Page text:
• Let the brisket come to room temperature, about 2 hours. Preheat the oven to 300°F. Pour 4 cups cold water into the bottom of a 12×15" roasting pan lined with a wire rack inside the pan.
  • Place the brisket on the wire rack, fatty side up. Tightly cover the brisket and roasting pan with a double layer aluminum foil. Bake until it reaches an internal temperature of 200°F. This should take about 1 hour per pound or 3 to 4 hours total. Let the meat rest for at least 30 minutes before slicing.
  • Steam. For that extra tenderness I highly recommend steaming until it reaches 204°F (see below).
  • With a sharp knife be sure to slice across the grain into about 1/8″ and serve! Slicing across the grain will ensure a tender, fall apart piece of pastrami.

Steaming (Maximum Tenderness)

  • If not steaming right away allow meat to cool and refrigerate overnight, or at least 8 hours, covered with a loose fitting piece of aluminum foil (We don’t want the dry rub to come off). Otherwise take directly to the steamer. (See below instructions).
  • If refrigerated, remove from refrigerator and allow to come to room temperature, then steam for 2 hours. I use a bamboo steamer with the meat resting on a bit of aluminum foil (See Note 4). In a large pot over medium low heat pour enough water in pot that there is an inch gap between steamer rack and water and steam for 2 hours. Check occasionally to make sure water does not evaporate and refill as needed. We want an internal temperature of 204°F. Just before it hits that I turn off the heat because the meat will continue to cook. (See picture in post, it rose all the away to 207°F while resting!)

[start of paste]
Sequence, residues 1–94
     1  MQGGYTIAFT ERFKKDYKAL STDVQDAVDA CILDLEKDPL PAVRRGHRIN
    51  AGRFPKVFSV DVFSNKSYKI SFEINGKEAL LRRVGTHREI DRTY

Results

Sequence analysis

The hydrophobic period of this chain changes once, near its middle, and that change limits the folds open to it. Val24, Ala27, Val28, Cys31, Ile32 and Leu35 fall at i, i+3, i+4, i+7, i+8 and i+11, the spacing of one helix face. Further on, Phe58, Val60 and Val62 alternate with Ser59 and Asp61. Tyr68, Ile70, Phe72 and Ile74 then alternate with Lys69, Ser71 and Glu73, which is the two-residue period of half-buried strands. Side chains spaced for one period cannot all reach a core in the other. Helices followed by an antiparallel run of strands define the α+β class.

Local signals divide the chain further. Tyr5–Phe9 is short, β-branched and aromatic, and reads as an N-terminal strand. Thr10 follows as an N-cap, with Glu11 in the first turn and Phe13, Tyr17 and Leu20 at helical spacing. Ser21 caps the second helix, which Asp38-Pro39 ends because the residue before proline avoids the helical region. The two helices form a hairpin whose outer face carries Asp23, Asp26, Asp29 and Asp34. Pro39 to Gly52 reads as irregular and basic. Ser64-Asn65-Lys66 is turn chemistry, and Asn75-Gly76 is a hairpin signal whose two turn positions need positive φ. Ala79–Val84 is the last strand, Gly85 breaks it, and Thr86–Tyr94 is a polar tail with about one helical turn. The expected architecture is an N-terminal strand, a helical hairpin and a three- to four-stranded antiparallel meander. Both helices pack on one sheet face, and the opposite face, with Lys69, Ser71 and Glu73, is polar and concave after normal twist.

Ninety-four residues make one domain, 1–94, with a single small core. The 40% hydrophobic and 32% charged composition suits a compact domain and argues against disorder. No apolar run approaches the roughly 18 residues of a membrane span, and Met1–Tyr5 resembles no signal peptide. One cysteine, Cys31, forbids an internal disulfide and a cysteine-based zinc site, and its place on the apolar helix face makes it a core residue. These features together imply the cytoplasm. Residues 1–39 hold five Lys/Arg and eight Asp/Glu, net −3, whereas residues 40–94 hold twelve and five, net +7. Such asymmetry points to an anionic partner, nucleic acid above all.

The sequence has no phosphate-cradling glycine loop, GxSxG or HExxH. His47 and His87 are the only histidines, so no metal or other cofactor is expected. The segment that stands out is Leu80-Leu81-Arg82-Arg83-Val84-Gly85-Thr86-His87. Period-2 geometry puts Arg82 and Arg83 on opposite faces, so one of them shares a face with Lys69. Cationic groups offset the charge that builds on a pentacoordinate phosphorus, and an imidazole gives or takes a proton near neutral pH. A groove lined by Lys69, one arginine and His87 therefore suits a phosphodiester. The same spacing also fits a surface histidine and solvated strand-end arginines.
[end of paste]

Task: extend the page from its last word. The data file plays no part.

• If you don't have a steamer, you could use an Instant Pot. Use the Instant Pot with the strainer made to fit the IP size. Put the smoked, refrigerated pastrami in the steamer basket, added 1 cup water and set it on STEAM and LOW for 2 hours.
  • Feel free to discard whatever fat cap is still there and not rendered down completely. With a sharp knife be sure to slice across the grain into about 1/8″ and serve! Slicing across the grain will ensure a tender, fall apart piece of pastrami.


  1. Either use a pre-packaged Corned Beef or a beef brisket. If starting with a beef brisket, see my recipe on How to Make Corned Beef first, then go straight to applying the dry rub.
  2. Unless a chili powder is specific, like Ancho Chili Powder, it can be made up of various ingredients. Basic Chili Powder mixes include Ancho, New Mexico, California or any other mild chili pepper, cayenne powder, ground black peppercorns, cumin, coriander and Mexican oregano.
  3. I use either my Traeger Smoker or a Masterbuilt 30″ Digital Electric Smoker, but follow your smoker instructions. For the Masterbuilt, add an inch of water to the water tray, and use cherry wood chips, or maple, apple or grape. While the smoke flavor is going to add to the quality of the pastrami, you do not want to overpower the flavor with a strong woods like hickory or mesquite.
  4. Cover loosely with aluminum foil and lay meat on top in steamer. If you don’t have a bamboo steamer a metal one will do fine that you use for steaming vegetables. Another steamer method is propping the plate and beef on top of rolled up prices of aluminum foil to raise it up and pour water in pot up to plate and steam.